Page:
Saturday, January 21, 2006

The Challenge of China

A recent post at Fresh Inc., the blogging community of Inc. Magazine, got more than it bargained for when it addressed China’s Entrepreneurial Revival.

The writer, Carole Matthews, noted that China today has nearly 24 million small independent companies, and a recent BusinessWeek article says small/medium companies create 75% of new jobs. She says the country’s government has developed high-tech zones, science parks, and business incubators to promote business ownership, and has streamlined its business registration processes.

With China actively wooing overseas Chinese entrepreneurs to come home, Matthews ends her post by wondering whether, in the face of this unexpected entrepreneurial challenge, the U.S. is doing enough to promote entrepreneurship at home.

But her assumptions are questioned by a reader named “Tim,” whose comments should interest anyone considering doing business in China:

“All this roses and wine stuff about China is Cool, but having lived there and in Southeast Asia it isn't like people want you to believe.

“Yes, the government has opened up zones, but less than 20% of them are used. Why? Because of red tape, false funding, graft, and sucky, very old infrastructures that surround them. Most are in name only with no physical or government process improvement.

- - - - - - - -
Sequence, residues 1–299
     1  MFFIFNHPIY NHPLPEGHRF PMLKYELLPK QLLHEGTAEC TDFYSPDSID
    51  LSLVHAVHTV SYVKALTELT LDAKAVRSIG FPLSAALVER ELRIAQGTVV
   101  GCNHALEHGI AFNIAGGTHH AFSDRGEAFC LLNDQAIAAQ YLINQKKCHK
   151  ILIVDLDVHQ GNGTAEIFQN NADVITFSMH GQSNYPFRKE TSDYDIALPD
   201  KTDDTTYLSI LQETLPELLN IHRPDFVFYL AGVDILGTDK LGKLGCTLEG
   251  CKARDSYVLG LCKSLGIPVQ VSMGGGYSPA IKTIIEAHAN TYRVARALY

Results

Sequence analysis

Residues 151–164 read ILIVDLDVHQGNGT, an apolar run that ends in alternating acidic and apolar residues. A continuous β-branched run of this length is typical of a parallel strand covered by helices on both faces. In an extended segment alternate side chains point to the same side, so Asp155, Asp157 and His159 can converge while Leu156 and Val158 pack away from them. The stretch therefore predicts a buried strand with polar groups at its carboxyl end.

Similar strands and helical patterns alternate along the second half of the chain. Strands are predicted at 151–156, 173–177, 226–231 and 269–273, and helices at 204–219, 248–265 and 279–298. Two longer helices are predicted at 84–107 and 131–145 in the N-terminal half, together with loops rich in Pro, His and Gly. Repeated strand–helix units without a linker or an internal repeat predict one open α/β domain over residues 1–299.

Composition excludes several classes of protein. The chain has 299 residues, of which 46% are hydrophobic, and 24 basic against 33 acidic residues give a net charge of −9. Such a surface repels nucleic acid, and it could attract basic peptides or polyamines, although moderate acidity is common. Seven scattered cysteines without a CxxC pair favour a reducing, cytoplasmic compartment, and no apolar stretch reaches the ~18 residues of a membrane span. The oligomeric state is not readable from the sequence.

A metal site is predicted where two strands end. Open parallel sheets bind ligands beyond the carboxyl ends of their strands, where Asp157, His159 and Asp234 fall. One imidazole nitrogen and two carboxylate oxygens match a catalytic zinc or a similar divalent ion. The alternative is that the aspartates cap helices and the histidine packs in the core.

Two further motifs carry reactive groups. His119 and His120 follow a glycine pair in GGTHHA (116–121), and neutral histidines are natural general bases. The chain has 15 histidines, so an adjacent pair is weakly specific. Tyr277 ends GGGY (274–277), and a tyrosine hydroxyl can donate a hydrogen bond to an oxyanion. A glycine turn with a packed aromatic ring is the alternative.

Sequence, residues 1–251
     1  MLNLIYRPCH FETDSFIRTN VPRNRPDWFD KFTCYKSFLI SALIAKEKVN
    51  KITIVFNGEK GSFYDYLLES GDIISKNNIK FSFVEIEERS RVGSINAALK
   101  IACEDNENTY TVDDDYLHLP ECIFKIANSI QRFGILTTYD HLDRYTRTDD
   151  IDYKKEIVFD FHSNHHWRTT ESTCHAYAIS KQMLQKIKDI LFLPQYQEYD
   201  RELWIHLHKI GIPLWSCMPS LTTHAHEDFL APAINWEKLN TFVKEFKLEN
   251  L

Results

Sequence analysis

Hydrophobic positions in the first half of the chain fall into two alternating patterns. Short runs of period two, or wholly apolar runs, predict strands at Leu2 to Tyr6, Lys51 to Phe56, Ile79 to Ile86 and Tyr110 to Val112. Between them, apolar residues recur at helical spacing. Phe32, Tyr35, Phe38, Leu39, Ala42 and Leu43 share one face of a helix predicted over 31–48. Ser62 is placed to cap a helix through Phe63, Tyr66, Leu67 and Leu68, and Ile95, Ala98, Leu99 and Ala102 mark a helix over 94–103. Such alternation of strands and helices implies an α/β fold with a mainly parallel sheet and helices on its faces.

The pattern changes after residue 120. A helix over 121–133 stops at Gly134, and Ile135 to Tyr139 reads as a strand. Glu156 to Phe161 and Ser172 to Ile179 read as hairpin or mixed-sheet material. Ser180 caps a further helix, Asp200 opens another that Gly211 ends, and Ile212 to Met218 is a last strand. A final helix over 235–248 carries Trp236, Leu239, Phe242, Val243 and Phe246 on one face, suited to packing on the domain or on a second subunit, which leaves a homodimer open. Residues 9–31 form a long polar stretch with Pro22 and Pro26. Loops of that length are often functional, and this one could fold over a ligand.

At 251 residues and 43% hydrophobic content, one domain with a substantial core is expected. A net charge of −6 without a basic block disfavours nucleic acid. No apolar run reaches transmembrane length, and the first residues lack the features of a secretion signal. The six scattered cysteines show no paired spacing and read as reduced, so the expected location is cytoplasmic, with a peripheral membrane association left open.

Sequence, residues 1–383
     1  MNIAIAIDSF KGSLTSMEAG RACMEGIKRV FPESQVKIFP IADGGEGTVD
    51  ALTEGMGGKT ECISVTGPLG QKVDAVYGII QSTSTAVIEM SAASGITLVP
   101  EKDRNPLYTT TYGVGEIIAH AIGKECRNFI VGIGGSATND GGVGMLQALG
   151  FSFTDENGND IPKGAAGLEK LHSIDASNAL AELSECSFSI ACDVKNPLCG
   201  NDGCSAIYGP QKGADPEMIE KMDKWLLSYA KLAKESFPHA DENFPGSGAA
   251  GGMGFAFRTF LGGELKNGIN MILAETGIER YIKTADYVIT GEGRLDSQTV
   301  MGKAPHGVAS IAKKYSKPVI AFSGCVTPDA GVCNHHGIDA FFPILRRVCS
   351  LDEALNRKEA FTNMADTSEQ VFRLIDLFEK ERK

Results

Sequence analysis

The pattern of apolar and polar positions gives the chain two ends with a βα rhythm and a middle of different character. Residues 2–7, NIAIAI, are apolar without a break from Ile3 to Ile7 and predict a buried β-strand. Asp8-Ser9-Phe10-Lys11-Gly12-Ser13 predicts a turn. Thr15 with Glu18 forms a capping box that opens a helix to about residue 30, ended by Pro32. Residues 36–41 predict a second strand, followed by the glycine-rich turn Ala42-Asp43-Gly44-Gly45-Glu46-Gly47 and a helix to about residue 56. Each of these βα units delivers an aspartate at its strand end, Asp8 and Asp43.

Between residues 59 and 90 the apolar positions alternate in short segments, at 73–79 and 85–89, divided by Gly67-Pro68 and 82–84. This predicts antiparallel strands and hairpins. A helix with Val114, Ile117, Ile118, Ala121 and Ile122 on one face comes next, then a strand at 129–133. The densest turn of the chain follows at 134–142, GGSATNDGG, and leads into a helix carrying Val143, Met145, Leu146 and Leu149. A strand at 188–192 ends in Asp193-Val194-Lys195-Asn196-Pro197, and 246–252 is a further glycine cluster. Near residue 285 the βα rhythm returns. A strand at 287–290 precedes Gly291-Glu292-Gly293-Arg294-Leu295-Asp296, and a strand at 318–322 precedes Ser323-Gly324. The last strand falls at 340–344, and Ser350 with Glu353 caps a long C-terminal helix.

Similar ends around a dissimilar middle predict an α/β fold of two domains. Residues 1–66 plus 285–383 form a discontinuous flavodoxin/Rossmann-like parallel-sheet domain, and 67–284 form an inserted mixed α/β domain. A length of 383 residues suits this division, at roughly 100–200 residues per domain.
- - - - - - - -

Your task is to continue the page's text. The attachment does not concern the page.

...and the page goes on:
“China is and always has been made up of small entrepreneur-style businesses. It is built on the family business…

“The business failure rate in China is over 99% after 2 years. For every western or Asian [business] from outside China that starts and succeeds, there are roughly 1200 failures…

“Yes, China is a huge collection of small businesses and a big market but it is inconsistent and regulatory graft smothers it. … Don’t forget there are no contract laws and commerce laws to protect businesses like we have here.”

Dodge City wasn’t the safest place either. Yet America’s lawless frontier provided the foundation for many of its greatest business fortunes, from mining to newspapers to security and railroads. Clearly, this is all part of the ongoing global entrepreneurial revolution – and revolutions are never seen clearly until they are over.

Read the original posts here.

Click here for a short piece on China I wrote last year for PROFIT Magazine.

1 comment:

Rick said...

Interesting update based on last night's CBC show, China Rising. They symbolized the political/economic changes in China by visting Beijing University and zooming in on the central bulletins boards, which used to be covered by political notices.

Now the boards all promoting the latest must-have courses. Nope, not the didactic and the prolaterian revolution. In fact, English-speaking readers didn't even need a translation.

All of the posters were overprinted with the unmistakable acronym "MBA."

It seems overthinking business is now a universal language.